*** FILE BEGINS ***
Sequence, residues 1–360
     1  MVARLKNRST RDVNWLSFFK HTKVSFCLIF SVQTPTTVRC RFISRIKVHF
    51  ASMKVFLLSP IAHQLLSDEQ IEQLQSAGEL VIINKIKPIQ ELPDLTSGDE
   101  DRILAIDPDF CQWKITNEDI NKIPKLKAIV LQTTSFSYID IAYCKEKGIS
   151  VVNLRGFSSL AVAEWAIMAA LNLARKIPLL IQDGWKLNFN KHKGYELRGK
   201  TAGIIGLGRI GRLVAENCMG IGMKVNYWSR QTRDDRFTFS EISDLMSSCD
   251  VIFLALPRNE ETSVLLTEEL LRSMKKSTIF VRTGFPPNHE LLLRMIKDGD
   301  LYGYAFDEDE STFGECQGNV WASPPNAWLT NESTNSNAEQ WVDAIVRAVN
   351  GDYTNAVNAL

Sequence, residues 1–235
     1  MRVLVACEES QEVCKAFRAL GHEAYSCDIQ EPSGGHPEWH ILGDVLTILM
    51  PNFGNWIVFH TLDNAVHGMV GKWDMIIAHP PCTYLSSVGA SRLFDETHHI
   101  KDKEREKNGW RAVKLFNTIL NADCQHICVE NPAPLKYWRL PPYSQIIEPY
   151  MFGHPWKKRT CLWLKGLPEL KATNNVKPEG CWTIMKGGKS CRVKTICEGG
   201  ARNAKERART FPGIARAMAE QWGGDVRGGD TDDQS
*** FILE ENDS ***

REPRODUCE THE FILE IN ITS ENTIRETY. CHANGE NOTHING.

Sequence, residues 1–360
     1  MVARLKNRST RDVNWLSFFK HTKVSFCLIF SVQTPTTVRC RFISRIKVHF
    51  ASMKVFLLSP IAHQLLSDEQ IEQLQSAGEL VIINKIKPIQ ELPDLTSGDE
   101  DRILAIDPDF CQWKITNEDI NKIPKLKAIV LQTTSFSYID IAYCKEKGIS
   151  VVNLRGFSSL AVAEWAIMAA LNLARKIPLL IQDGWKLNFN KHKGYELRGK
   201  TAGIIGLGRI GRLVAENCMG IGMKVNYWSR QTRDDRFTFS EISDLMSSCD
   251  VIFLALPRNE ETSVLLTEEL LRSMKKSTIF VRTGFPPNHE LLLRMIKDGD
   301  LYGYAFDEDE STFGECQGNV WASPPNAWLT NESTNSNAEQ WVDAIVRAVN
   351  GDYTNAVNAL

Sequence, residues 1–235
     1  MRVLVACEES QEVCKAFRAL GHEAYSCDIQ EPSGGHPEWH ILGDVLTILM
    51  PNFGNWIVFH TLDNAVHGMV GKWDMIIAHP PCTYLSSVGA SRLFDETHHI
   101  KDKEREKNGW RAVKLFNTIL NADCQHICVE NPAPLKYWRL PPYSQIIEPY
   151  MFGHPWKKRT CLWLKGLPEL KATNNVKPEG CWTIMKGGKS CRVKTICEGG
   201  ARNAKERART FPGIARAMAE QWGGDVRGGD TDDQS